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‘Thor: Ragnarok’ (review by Leyla Mikkelsen)

Produced by Kevin Feige
Written by Eric Pearson,
Craig Kyle, Christopher Yost
Based on Thor by Jack Kirby,
Stan Lee, Larry Lieber,
Directed by Taika Waititi
Starring Chris Hemsworth, Tom Hiddleston,
Cate Blanchett, Idris Elba, Jeff Goldblum,
Tessa Thompson, Karl Urban,
Mark Ruffalo, Anthony Hopkins


Considering the amount of superhero movies we have been bombarded with in recent years, the times where such films were a rarity seems like a distant memory.

Looking back at those films, some of them have become classics that remain enjoyable, but some of them have also rightfully placed themselves on many lists of the worst movies of all time.

It is therefore impressive that contemporary superhero films have maintained as high a standard as they have, which is largely due to a formula that was perfected with Sam Raimi’s Spider-Man a decade and a half ago.

However, as good as that standard is, it does get rather repetitive with time. Even the mighty Marvel – which has continuously received praise for the offerings of their MCU – has to some extent become predictable, and while this summer’s Spider-Man: Homecoming was one of their better films, the final fight in particular felt painfully formulaic.

Instead, what made the newest version of the web-slinger worthwhile was the relatability of the characters and the refreshing meta approach the film took. Another Marvel property that benefited greatly from the meta approach was the non-MCU adaptation of Deadpool, and while Thor: Ragnarok may not be led by an R-rated motormouth like Ryan Reynolds, the latest film about the mighty Thor is an incredibly enjoyable meta adventure, not least thanks to eclectic Kiwi director Taika Waititi being at the helm.

Much can be said and was indeed said about last year’s Ghostbusters reboot, but something that was quite clear was that Chris Hemsworth has funny bones. As such, while Hemsworth certainly gets to show off his literal muscles in the numerous action-packed sequences featured in Thor: Ragnarok, he also gets to flex his comedic talent, continuously landing plenty of laughs that show just how good of a fit Hemsworth’s talent is for Waititi’s trademark, oddball Kiwi humor.

Likewise, Tom Hiddleston also gets to take a different approach to the character of Loki, as he is also the cause for much amusement as his devious ways become particularly meta, allowing Hiddleston to play around with a different emotional and comedic register compared to previous MCU outings featuring the God of Mischief. The meta aspect is further emphasized by the numerous callbacks to previous MCU films, and while this sort of self-referential in-joking can often become forced, Waititi once again proves that he is the perfect man for the job, as the myriad of references overwhelmingly work, ensuring that both longtime MCU fans as well as the casual viewer will be thoroughly entertained throughout the proceedings.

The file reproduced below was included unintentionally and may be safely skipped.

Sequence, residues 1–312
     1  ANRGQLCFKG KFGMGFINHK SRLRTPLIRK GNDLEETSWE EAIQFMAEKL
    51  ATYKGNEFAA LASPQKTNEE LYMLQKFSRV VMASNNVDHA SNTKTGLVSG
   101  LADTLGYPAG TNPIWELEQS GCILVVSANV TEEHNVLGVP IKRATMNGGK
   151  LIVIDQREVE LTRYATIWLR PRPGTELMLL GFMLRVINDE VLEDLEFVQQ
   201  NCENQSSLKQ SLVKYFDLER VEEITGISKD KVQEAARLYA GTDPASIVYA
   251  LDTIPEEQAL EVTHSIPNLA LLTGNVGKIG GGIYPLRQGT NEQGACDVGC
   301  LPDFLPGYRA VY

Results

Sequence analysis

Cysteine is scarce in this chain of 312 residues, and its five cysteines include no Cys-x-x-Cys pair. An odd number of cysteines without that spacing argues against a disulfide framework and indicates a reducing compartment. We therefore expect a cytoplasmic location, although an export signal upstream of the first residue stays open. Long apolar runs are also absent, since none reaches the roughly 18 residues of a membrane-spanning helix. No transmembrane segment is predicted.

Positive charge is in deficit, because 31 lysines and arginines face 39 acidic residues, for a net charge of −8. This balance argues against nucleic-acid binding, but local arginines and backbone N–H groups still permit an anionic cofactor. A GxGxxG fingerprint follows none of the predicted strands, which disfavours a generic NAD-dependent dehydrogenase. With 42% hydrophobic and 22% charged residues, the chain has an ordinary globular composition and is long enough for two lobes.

Cate Blanchett makes for a delightfully dark villain, however, since we are continuously jumping back and forth between Asgard and Sakaar, Blanchett’s Hela is unfortunately left a little too much to her own evil devices, resulting in a somewhat lackluster character arc. What detracts substantially from her potential impact as a villain is that the film is so focused on the humor that the drama feels like an afterthought, leaving preciously little space for any sense of genuine peril.

Ironically, the opposite problem was the case with with Kenneth Branagh’s Thor, where the almost Shakespearean drama that took place in Asgard was the superior contrast to the inferior and occasionally forced humor that took place on Midgard in the God of Thunder’s introduction to the MCU. Thus, while Waititi’s Thor: Ragnarok is by far the best solo adventure of the Asgardian hero to date, one does wish that the humor and drama had been balanced better to make this colorful fun fest a truly exquisite cinematic experience.

Time and time again, the seemingly never-ending maelstrom of Marvel movies has given rise to cries about superhero fatigue, and there is definitely a lot of truth to those allegations. However, as audiences have settled into the habit of witnessing a new superhero adventure on the big screen every few months, the MCU has also been responsible for some of the most enjoyable action-adventure films of recent years.

Being unapologetically true to Waititi’s wonderfully humorous and heartfelt style, Thor: Ragnarok is a fantastically wacky, colorful ride that not only makes for one of the more memorable laugh fests of 2017, but also places itself firmly alongside the best of the MCU’s offerings, drawing particularly fun-filled parallels to James Gunn’s two Guardians of the Galaxy films because of its playfulness and heart. 


Verdict: 8 out of 10


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